“Even more exciting the second time around. And its popular size (115-inch wheelbase) still fits perfectly between the Chevrolet and the Chevy II. Freshly styled hood, grille, bumper and front fenders.” 1964 Chevrolet Full Line Brochure
- Chevrolet added a fourth series to the Chevelle line, the 300 DeLuxe, that bridged the gap between the 300 series and the Malibu.
- A late year addition of an optional 396 cubic inch V-8 available in some Malibu Super Sport editions was Chevy’s first real foray into turning the Chevelle into full-fledged muscle car.
- Total production of the Chevelle line was up to 344,100 in 1965.
Muscle Car Specifications
Stylistically, little changed with the Chevelle between the 1964 and 1965 models. All models, including the wagons, grew a few inches in length (keeping the same 115-inch wheelbase) and added a few sleeker lines and additional trim options. The biggest change, in addition to the new DeLuxe series, was in engine options available.
Standard engines stayed true to the 1964 models, with a 120 horsepower 194 cubic inch six cylinder, or 195 horsepower 283 V-8. Much like the previous year, all models offered an upgrade to a larger 230 cubic inch six cylinder producing 160 horsepower, or a 327 cubic inch V-8, producing between 250 and 300 horsepower depending on the model selected.
As with the 1964 models, these specs still lacked the performance seen in competitor’s mid-sized cars, such as the Pontiac GTO and the Buick Skylark Gran Sport, both featuring large displacement V-8s. Chevy finally answered this in a special mid-year run.
Chevelle 300 and 300 DeLuxe
While the new 300 DeLuxe series was the newest addition to the Chevelle line, it added little to the base 300 models. A few cosmetic upgrades including more interior color options (red, fawn and aqua) and upgraded trim options accounted for the DeLuxe models outselling the 300 series by a total of 10,000 units. Additionally, the wagon version of the 300 was a two door model, while the DeLuxe wagon had four doors.
The Malibu once again reigned supreme amongst the Chevelle models in 1968, accounting for 44 percent of the total Chevelle sales, at 152,200. Offering four models, the sport coupe, convertible, 4-door sedan and 4-door 2-seat wagon, the Malibu was still competitively priced, ranging from $2,250 to $2,755.
Interiors were upgraded from both models featured in the 300 series, with textured vinyl and all-vinyl side walls, and available in additional color options. The exterior remained largely unchained, though it followed the lead of every Chevy except the Corvair to lose the company’s signature use of round taillights.
Malibu Super Sport
Differing from the 1964 model offering only a V-8 engine, the 1965 Malibu SS let buyers choose from any engine offered for the Chevelle line, leaving the added price of the SS to cover top-of-the-line extras included with the car. These included specialized SS trim inside and out, with metal accents at the hood windsplit, wheel openings and sill moldings. Additional colors were available inside and out on the SS models, including eight two-tone models.
More importantly for the evolution of the Chevelle series from Fairline competitor to muscle car was the aforementioned late addition option for the SS known as the Z-16 package, also known as the Malibu SS 396.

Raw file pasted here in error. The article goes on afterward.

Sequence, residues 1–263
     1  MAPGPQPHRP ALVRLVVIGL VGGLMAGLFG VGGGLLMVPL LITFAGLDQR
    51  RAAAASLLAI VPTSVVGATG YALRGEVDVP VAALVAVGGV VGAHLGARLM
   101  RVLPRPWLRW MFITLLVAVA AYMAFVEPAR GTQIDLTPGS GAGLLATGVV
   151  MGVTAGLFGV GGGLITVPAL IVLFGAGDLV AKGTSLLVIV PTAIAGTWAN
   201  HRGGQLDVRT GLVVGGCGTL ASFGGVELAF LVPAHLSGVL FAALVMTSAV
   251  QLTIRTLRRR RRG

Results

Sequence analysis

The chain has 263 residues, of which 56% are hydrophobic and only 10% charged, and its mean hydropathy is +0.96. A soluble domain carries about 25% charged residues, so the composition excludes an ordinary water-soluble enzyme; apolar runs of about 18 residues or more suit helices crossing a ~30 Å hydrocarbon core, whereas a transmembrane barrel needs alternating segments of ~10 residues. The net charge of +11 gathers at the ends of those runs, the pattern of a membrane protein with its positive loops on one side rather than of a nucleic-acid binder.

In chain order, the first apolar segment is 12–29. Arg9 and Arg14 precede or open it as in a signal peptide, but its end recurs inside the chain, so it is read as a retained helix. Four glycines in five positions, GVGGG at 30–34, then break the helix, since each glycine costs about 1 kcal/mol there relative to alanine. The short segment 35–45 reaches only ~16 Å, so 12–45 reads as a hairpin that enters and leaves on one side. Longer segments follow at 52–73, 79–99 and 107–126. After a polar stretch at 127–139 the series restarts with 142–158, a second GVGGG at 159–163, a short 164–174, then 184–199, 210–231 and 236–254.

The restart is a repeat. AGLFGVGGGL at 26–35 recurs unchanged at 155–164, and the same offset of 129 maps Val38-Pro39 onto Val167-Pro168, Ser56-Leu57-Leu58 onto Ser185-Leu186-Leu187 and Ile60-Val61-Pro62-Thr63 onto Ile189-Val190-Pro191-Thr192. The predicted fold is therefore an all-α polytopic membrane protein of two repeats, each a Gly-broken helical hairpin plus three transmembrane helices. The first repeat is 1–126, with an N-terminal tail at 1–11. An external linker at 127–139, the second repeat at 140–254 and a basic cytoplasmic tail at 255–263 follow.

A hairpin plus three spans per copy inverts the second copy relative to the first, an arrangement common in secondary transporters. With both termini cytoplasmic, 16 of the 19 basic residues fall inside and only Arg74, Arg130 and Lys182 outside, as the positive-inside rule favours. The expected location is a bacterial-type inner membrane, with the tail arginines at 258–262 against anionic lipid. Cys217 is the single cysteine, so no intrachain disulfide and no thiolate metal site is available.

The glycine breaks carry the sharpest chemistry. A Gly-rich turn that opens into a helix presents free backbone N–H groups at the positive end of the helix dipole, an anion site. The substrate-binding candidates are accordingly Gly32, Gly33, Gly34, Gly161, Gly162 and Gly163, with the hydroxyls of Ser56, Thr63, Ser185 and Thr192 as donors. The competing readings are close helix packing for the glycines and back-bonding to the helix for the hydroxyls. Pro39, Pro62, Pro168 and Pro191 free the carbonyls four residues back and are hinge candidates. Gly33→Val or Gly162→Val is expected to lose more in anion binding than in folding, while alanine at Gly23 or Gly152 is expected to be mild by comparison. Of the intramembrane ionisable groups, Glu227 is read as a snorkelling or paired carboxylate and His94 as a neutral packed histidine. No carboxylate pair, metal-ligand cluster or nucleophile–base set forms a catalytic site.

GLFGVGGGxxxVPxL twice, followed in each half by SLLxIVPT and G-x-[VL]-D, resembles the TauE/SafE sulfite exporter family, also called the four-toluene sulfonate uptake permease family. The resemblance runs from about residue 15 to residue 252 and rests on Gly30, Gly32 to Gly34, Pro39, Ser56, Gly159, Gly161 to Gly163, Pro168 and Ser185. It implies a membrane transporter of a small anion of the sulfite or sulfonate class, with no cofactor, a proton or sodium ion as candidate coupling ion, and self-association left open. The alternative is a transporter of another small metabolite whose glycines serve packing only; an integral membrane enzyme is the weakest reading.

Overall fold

The 396, of course, referred to the 396 inch engine that produced 375 horsepower. Included with the Z-16 package was a Muncie four-speed, a 160 mph speedometer, a 6,000 rpm tachometer and an AM/FM stereo.
Coming in with a price tag $1,501 higher than the already high end SS model, only 201 Z-16’s were built (200 hardtops and one convertible).
Muscle Car Competition
With the introduction of the Chevelle Malibu SS 396, Chevrolet was acting in direct response to the trend of putting bigger engines into smaller cars. Ford, Pontiac, Dodge, Buick and more were already ahead of Chevy in 1964 and early 1965, but the 396 was the company’s first attempt to put a big block into a Chevelle. The event marked the beginnings of the Chevelle’s real evolution into a muscle car.
The Chevelle was redesigned in 1966 and the body was much more curvaceous than before. The new front fenders trusted forward at the top and gave the car a much more aggressive stance. The rear fenders bulge upwards giving the rear of the car a classic “Coke-bottle” look. Today, the design is one of the classics of the muscle car era.
|I6||194ci||1x1bbl||120 hp @ 4400 rpm||177 lb-ft @ 2400 rpm|
|I6||230ci||1x1bbl||140 hp @ 4400 rpm||220 lb-ft @ 1600 rpm|
|V8||283ci||1x4bbl||220 hp @ 4800 rpm||295 lb-ft @ 3200 rpm|
|V8||283ci||1x2bbl||195 hp @ 4800 rpm||285 lb-ft @ 2400 rpm|
|V8||327ci||1x4bbl||350 hp @ 6000 rpm||360 lb-ft @ 3200 rpm|
|V8||327ci||1x4bbl||300 hp @ 5000 rpm||360 lb-ft @ 3200 rpm|
|V8||327ci||1x4bbl||250 hp @ 4400 rpm||355 lb-ft @ 3200 rpm|
|V8||396ci||1x4bbl||375 hp @ 5600 rpm||375 lb-ft @ 3600 rpm|
|0 to 60 mph||Quarter Mile||Engine||Source|
|6.0 sec||14.7 sec @ 99.8 mph||396ci/375hp||Popular Hot Rod|
|6.7 sec||15.3 sec @ 96 mph||396ci/375hp||Standard Catalog of Chevelle|
|7.6 sec||16.0 sec @ 90.0 mph||327ci/350hp||High Performance Car|
The Chevelle had grown a little in 1965 and the design was a little less pure but the first real Super Sport appeared this year and that mattered a lot. The SS 396 was a true muscle car with all the proper upgrades and an engine that could really push the car down the track. Muscle cars were coming of age quickly.